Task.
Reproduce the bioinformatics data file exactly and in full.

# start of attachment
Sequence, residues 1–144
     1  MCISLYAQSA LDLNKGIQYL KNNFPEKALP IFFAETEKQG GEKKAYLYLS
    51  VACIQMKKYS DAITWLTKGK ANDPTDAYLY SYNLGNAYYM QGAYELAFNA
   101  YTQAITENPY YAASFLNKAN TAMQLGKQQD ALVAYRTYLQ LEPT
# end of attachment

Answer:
Sequence, residues 1–144
     1  MCISLYAQSA LDLNKGIQYL KNNFPEKALP IFFAETEKQG GEKKAYLYLS
    51  VACIQMKKYS DAITWLTKGK ANDPTDAYLY SYNLGNAYYM QGAYELAFNA
   101  YTQAITENPY YAASFLNKAN TAMQLGKQQD ALVAYRTYLQ LEPT